On his last attempt to summit Mt. Everest, Japanese mountaineer Nobukazu Kuriki lost nine fingers to frostbite.
Still, the Nepal tourism ministry happily opened the mountain for a lone summit attempt this autumn for the first time since last spring's avalanche put an end to the climbing season.
Sherpas known as "the Icefall Doctors" repaired the ladders across the Khumbu Icefall, and accompanied Kuriki to Base Camp; a cameraman and Sherpa planned to meet him at Camp 2.
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As early as Saturday, Kuriki will attempt to summit the mountain on his own, without oxygen. It will be his fifth attempt after four unsuccessful tries.
Not everyone regards the attempt as a heroic adventure. Many experts on Everest are calling it unfair to put others in danger to pursue an ambition with the unnecessary risks of climbing solo and without oxygen.
Indeed, this expedition brings into sharp relief a question often debated in extreme sports: Is it selfish, even unethical, to pursue some dreams?
Kuriki has defended the decision:
"It's not for a record or honor. I believe everybody in the world has his or her own mountain in life. Many people might stop climbing or challenging themselves because others judge them negatively or it seems tough.
"By climbing and webcasting from Everest, I want to tell people that we can try together and share our adventures in life so they can keep trying for their dream," Kuriki said, according to CNN. "When I climb by myself, I can feel things I can't in a city, and therefore, I learn from nature and grow as a human being."
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Climbers certainly understand that sentiment; it's the impact on others that they question.
The mountains are for everybody," said Alan Arnette, a mountaineer who runs an Everest news and analysis website out of Fort Collins, Colo. and who was at Base Camp during last spring's avalanche. "If you want to go up there and risk your life, it's your business. But it's not fair to ask others to put their lives at risk for your ambitions - especially with something so aggressive."
Frank Farley, a professor of psychology at Temple University who studies risk, says extreme athletes are often unfairly singled out by the question while people who engage in other equally costly behaviors - reckless driving, gaining excessive weight - go unquestioned.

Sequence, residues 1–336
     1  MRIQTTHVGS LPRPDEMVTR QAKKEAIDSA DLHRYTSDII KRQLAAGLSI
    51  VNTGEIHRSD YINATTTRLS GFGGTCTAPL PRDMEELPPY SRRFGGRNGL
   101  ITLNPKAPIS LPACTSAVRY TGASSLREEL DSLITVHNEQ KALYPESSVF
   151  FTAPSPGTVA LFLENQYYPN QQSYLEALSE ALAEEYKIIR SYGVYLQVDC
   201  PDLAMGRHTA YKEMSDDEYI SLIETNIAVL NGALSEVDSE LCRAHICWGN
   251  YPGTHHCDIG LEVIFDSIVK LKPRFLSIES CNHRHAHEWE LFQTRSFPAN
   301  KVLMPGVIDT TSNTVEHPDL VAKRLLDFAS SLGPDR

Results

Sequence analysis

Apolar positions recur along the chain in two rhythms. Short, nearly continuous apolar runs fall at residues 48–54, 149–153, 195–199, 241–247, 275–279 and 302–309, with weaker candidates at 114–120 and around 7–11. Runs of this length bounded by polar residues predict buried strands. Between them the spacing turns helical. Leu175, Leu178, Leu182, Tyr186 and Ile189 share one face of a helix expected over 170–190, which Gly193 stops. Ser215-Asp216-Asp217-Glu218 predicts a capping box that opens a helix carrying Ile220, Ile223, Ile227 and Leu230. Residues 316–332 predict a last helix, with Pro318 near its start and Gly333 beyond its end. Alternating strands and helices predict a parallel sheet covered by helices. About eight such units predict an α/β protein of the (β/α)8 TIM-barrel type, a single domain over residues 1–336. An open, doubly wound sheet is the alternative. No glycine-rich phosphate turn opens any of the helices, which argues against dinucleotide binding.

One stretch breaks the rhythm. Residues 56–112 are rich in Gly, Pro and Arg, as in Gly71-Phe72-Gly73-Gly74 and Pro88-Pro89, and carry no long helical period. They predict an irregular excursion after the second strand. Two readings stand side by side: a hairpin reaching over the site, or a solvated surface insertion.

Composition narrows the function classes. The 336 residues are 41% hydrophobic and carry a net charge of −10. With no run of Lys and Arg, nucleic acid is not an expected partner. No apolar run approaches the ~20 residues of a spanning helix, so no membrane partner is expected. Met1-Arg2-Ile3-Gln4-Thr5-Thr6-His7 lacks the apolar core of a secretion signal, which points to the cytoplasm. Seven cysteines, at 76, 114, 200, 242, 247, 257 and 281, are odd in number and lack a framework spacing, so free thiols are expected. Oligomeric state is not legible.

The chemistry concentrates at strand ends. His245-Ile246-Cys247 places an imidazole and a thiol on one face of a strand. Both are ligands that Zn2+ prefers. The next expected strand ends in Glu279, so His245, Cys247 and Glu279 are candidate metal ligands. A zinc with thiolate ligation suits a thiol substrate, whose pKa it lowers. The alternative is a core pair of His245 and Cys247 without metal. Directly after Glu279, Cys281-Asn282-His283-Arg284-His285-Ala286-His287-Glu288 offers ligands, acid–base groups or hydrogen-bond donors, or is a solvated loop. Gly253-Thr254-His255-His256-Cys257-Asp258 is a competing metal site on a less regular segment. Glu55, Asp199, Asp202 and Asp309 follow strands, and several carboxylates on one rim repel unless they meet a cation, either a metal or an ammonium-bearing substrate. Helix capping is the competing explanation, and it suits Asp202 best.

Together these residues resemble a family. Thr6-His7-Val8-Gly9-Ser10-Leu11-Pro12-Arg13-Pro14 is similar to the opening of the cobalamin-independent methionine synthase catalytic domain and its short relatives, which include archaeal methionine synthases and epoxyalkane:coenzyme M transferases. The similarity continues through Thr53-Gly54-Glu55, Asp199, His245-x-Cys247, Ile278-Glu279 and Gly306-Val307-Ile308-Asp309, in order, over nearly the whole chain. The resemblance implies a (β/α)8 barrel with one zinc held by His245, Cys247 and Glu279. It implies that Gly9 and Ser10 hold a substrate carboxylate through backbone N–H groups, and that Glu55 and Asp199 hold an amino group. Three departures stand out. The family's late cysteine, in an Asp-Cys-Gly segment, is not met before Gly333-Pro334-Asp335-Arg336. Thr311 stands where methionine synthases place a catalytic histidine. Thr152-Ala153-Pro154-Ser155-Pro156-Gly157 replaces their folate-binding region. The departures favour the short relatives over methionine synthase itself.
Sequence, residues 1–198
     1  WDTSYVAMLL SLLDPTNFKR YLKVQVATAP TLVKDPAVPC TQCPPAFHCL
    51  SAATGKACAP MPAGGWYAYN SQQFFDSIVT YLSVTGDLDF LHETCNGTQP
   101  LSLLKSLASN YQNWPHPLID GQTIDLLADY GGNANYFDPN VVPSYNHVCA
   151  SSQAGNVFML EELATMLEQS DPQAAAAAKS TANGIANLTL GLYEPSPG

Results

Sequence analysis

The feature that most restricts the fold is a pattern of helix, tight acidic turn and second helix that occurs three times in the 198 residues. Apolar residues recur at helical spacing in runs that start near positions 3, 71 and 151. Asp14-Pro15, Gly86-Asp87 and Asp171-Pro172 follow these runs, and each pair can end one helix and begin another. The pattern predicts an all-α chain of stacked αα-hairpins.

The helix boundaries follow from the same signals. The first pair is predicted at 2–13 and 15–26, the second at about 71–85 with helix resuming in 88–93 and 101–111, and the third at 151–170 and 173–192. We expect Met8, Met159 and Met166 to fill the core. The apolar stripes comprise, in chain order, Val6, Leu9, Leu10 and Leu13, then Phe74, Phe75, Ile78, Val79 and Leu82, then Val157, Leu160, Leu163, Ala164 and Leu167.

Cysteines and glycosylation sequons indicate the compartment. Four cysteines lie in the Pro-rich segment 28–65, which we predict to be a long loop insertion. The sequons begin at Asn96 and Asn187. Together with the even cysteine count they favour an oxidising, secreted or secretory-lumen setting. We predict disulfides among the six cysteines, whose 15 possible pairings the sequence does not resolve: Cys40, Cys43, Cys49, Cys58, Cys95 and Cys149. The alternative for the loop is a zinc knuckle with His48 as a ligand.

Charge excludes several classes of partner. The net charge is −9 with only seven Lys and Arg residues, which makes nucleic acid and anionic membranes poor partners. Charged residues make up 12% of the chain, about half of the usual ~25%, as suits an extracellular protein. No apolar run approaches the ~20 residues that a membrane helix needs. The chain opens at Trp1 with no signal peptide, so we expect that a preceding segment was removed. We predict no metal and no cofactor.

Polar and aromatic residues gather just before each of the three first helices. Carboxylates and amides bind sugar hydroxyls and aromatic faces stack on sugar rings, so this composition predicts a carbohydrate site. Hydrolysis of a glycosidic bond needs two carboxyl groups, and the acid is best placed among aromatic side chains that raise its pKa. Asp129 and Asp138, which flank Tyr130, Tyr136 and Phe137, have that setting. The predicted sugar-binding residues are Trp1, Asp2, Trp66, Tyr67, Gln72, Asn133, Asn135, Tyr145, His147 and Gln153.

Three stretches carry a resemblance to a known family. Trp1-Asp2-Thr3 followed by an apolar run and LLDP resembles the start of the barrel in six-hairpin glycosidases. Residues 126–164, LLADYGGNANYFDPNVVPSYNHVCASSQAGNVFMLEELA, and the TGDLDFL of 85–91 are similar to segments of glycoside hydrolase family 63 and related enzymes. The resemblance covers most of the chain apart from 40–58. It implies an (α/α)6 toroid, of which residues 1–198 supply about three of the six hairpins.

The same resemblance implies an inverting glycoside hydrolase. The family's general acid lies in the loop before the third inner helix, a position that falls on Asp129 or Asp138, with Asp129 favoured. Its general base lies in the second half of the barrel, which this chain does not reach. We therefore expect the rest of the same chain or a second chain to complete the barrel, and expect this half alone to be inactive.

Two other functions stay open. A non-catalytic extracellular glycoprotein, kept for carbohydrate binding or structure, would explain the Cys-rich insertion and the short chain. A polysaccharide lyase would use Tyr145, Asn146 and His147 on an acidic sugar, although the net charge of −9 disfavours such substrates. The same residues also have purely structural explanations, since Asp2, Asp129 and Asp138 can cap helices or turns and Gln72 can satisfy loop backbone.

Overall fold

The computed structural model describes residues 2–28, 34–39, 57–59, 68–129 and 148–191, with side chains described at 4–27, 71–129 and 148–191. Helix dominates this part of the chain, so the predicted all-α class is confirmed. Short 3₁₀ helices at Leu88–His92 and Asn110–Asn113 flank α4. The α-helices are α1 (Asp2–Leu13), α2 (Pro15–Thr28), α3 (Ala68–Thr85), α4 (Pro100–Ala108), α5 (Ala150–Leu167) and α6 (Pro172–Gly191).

"We allow people to legally smoke, but society ends up picking up the bill through medical costs and lost employment time," he said. "I've often sort of felt, let's not pick on the extreme athletes, because at least they are attempting something that's part of a grand effort."
Still, he - and many others - believe there is a line, and that athletes probably cross it when their endeavors endanger others. To many, Kuriki's attempt seems to land past that line, for several reasons:
The vast majority of Everest summit attempts take place in spring, when the chances for good weather are much higher. In fact, summit attempts in autumn have just a 33 percent success rate, Arnette says, compared to 66 percent in spring. There have been just three summits on the south side of the mountain in the last 15 years. Add to that an increased risk for frostbite based on Kuriki's past experience, and an unusual acclimatization protocol.
"It adds up to one word: foolhardy," Farley said.
One matter further complicates this particular expedition: the rescuers would be the Sherpas who understood the risks before signing on to the trip. Some, then, fault the tourism ministry for encouraging it (it held a press conference to issue Kuriki his climbing permit).
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Everyone in Nepal is anxious to have climbers and trekkers return, Arnette says. But with money and reputations on the line, Sherpas would be hard-pressed to refuse, even if they think it's foolhardy.
"Sherpas are being forced into a position of rescuing someone who has been exceptionally foolhardy, but because of their life occupation and employment, it's a difficult place to put them," Farley said.
And even though Kuriki is attempting the most dangerous part of the climb solo, Sherpas will likely try to rescue him if anything goes amiss, Arnette says.
Kuriki reports that the conditions are sunny and quiet so far, and that he is planning to attempt the summit on Saturday. Still, it's anyone's guess what will happen at this point, Arnette says.
In 2012, when Kuriki made it to 27,000 feet before calling for help, Sherpas brought him back to Camp 2 and he was airlifted to Kathmandu.